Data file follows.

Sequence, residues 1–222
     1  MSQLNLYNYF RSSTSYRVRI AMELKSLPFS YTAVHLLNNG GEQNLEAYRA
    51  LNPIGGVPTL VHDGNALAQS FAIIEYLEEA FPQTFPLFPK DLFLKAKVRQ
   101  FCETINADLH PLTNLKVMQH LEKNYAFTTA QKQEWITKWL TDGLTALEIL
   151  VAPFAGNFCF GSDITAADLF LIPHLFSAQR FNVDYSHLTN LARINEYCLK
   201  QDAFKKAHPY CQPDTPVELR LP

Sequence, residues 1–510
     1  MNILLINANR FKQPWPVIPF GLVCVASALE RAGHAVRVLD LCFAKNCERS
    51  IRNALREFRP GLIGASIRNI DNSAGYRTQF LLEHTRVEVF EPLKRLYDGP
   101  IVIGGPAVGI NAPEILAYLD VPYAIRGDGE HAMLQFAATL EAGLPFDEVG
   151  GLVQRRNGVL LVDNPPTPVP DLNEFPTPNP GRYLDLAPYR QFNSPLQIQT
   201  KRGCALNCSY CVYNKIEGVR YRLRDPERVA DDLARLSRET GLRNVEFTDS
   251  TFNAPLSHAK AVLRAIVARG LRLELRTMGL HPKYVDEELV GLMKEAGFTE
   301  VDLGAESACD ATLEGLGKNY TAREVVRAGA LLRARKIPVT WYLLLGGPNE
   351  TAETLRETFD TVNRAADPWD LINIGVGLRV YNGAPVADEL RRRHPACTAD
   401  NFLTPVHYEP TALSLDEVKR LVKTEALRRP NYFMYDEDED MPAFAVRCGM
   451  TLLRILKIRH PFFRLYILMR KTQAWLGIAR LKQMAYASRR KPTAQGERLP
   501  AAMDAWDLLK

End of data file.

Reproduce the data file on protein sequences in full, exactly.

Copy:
Sequence, residues 1–222
     1  MSQLNLYNYF RSSTSYRVRI AMELKSLPFS YTAVHLLNNG GEQNLEAYRA
    51  LNPIGGVPTL VHDGNALAQS FAIIEYLEEA FPQTFPLFPK DLFLKAKVRQ
   101  FCETINADLH PLTNLKVMQH LEKNYAFTTA QKQEWITKWL TDGLTALEIL
   151  VAPFAGNFCF GSDITAADLF LIPHLFSAQR FNVDYSHLTN LARINEYCLK
   201  QDAFKKAHPY CQPDTPVELR LP

Sequence, residues 1–510
     1  MNILLINANR FKQPWPVIPF GLVCVASALE RAGHAVRVLD LCFAKNCERS
    51  IRNALREFRP GLIGASIRNI DNSAGYRTQF LLEHTRVEVF EPLKRLYDGP
   101  IVIGGPAVGI NAPEILAYLD VPYAIRGDGE HAMLQFAATL EAGLPFDEVG
   151  GLVQRRNGVL LVDNPPTPVP DLNEFPTPNP GRYLDLAPYR QFNSPLQIQT
   201  KRGCALNCSY CVYNKIEGVR YRLRDPERVA DDLARLSRET GLRNVEFTDS
   251  TFNAPLSHAK AVLRAIVARG LRLELRTMGL HPKYVDEELV GLMKEAGFTE
   301  VDLGAESACD ATLEGLGKNY TAREVVRAGA LLRARKIPVT WYLLLGGPNE
   351  TAETLRETFD TVNRAADPWD LINIGVGLRV YNGAPVADEL RRRHPACTAD
   401  NFLTPVHYEP TALSLDEVKR LVKTEALRRP NYFMYDEDED MPAFAVRCGM
   451  TLLRILKIRH PFFRLYILMR KTQAWLGIAR LKQMAYASRR KPTAQGERLP
   501  AAMDAWDLLK